There's a world of difference between an unripe and a ripe cantaloupe. An unripe one lacks flavor and moisture, it has an anemically pale orange color, and it's unpleasantly hard to the bite. But the fruit of a ripe one is so sweet, tender, drippingly juicy and vibrantly orange. If you intend to eat a cantaloupe the day you buy it, or even within a few days, select one that's already ripe at the time of purchase. These melons will continue to ripen after harvesting, though, so if you get one that's not quite ready to be eaten, have a little patience and it'll get there.
How to Know if a Cantaloupe Is Ripe
A simple three-point inspection lets you know whether or not you're dealing with a ripe cantaloupe:
- Sniff it. A perfectly ripe cantaloupe emanates a fragrant, sweet, vaguely musky scent that's easily detectable through its thick rind. If you don't smell anything, or the aroma is really faint, the fruit isn't ready yet; if it has an unpleasant odor, it's already headed downhill toward rotten.
- Shake it. All those seeds you have to scoop out are loose in a ripe cantaloupe. Give the melon a few shakes. If you can feel seeds flopping around inside, that's an indication that the fruit is mature. If there's no sign of movement in there, the cantaloupe needs more time.
- Squeeze it. Press down on the stem area at the top of the cantaloupe with your thumbs. It should be firm, not hard as a rock, giving a little with pressure. Too hard and it's not yet ripe; too soft and it's past its prime. If your thumbs go right through into a pile of mush, run!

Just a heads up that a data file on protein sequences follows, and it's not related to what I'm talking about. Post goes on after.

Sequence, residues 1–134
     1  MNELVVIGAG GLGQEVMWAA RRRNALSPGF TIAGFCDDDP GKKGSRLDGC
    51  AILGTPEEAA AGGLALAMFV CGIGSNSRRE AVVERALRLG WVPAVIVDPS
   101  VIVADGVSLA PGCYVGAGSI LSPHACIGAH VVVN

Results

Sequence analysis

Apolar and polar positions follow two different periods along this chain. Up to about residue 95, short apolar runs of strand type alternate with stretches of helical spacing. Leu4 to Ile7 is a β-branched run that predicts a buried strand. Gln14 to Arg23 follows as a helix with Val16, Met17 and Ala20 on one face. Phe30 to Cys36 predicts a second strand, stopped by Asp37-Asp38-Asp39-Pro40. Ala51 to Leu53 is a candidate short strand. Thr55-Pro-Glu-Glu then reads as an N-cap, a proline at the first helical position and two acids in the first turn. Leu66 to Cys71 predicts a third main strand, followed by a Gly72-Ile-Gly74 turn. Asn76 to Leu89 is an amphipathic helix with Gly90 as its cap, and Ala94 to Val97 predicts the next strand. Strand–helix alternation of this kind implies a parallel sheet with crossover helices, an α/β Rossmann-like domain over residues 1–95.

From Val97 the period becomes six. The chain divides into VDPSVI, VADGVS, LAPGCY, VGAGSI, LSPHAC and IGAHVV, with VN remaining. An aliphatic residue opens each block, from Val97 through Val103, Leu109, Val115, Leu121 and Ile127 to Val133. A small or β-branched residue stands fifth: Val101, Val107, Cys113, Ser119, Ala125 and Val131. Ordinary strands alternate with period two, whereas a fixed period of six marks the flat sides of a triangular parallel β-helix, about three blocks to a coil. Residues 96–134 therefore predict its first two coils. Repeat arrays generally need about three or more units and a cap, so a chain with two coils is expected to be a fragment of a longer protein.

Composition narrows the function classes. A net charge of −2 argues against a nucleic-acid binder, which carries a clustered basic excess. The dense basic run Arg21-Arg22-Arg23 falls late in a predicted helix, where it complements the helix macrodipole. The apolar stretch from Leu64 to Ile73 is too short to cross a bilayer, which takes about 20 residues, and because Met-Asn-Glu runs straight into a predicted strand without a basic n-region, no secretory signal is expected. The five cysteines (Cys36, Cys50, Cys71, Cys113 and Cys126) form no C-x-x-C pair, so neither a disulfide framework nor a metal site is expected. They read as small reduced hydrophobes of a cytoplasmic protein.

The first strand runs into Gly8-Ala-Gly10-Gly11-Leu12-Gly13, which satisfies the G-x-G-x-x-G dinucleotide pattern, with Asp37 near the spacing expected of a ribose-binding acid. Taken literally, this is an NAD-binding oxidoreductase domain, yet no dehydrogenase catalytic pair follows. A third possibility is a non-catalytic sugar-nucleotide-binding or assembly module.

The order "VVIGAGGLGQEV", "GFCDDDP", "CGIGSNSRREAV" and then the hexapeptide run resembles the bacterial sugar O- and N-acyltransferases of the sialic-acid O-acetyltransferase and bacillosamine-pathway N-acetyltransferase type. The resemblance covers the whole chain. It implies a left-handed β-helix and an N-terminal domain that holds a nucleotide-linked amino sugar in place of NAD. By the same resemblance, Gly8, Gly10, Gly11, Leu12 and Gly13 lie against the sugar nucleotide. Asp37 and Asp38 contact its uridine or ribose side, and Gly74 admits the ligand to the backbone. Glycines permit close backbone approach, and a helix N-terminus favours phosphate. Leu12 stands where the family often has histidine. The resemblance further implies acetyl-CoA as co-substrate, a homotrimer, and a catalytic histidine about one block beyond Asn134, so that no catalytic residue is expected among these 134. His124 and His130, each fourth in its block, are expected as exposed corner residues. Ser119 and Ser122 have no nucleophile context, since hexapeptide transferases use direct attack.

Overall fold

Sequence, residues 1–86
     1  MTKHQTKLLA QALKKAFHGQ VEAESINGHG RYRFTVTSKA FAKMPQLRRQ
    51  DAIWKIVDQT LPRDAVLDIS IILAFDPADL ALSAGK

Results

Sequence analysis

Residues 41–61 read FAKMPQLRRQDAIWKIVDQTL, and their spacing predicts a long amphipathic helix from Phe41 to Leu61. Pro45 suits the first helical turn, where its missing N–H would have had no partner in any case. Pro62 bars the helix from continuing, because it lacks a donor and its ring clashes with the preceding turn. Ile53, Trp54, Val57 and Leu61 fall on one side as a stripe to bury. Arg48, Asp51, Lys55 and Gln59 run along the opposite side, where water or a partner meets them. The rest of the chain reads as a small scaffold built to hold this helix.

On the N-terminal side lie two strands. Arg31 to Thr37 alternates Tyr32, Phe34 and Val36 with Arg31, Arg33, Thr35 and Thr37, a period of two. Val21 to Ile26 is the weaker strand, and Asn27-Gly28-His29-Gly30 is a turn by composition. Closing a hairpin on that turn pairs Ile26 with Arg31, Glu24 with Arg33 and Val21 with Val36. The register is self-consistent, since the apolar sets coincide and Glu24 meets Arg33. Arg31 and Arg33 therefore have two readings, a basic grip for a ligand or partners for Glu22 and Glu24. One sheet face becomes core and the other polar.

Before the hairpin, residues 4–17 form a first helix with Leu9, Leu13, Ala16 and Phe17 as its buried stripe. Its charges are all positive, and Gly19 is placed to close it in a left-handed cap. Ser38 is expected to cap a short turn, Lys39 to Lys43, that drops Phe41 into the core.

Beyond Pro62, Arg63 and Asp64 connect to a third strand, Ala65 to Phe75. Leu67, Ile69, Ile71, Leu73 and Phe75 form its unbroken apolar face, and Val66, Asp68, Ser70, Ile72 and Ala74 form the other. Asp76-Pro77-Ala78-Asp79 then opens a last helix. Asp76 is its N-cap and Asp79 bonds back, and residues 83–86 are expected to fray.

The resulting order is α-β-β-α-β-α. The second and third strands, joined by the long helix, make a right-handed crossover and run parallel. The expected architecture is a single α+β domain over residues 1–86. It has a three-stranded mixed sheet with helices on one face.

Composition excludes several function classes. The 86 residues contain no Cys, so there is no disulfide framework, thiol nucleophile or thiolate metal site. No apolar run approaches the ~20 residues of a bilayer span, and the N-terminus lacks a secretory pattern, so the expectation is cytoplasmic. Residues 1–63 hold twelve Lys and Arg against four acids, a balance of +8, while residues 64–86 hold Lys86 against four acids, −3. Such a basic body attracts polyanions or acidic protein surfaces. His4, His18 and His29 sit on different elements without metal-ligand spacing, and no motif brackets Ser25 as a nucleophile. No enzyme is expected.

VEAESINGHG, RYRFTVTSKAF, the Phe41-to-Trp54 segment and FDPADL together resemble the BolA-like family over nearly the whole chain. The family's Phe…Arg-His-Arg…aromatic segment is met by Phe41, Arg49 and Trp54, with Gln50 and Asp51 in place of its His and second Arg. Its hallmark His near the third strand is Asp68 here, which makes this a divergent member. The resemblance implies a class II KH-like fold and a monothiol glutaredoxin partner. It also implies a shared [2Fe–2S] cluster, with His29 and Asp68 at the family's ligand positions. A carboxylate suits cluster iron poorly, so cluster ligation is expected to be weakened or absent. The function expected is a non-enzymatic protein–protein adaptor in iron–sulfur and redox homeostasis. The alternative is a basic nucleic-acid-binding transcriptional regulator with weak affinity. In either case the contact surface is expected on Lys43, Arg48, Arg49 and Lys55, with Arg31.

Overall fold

Other Ripe Cantaloupe Tips
In addition to evaluating ripeness, there are some key signs of good quality cantaloupe to check for. Choose melons that:
- Don't have discoloration, mold, bruises or other signs of damage or decay.
- Have a prominent tan netting pattern over a light green to yellowish rind.
- Have a symmetrical shape.
- Feel heavy for their size.
- Are smooth and slightly sunken at the stem site.
Just to clarify something about discoloration: Many cantaloupes have a large, circular whitish patch on the rind. That's where the melon sat on the ground while growing, and it's nothing to worry about.
How to Store Cantaloupe
If a cantaloupe is not yet ripe, leave it out at room temperature and it should ripen within a few days. You can also close it up in a paper bag to speed things up a bit. Just don't put it in the refrigerator yet, as this slows down the maturing process.Whole cantaloupes can be left out at room temperature for five to seven days, with some variation depending on how ripe it is at the time of purchase. Once they're ripe, it's better to keep cantaloupes in the fridge, which helps them last a little longer.
Once you cut a cantaloupe, it needs to be refrigerated. If you're cutting it into wedges, try to leave the seeds and gooey stuff on, as they help prevent the fruit from drying out. Store cut pieces in an airtight container or well wrapped in plastic wrap for up to three or four days.
Remember to wash the exterior of a cantaloupe before you cut it. Although you don't eat the rind, the knife can introduce external bacteria to the fruit as it travels to the center through the rind.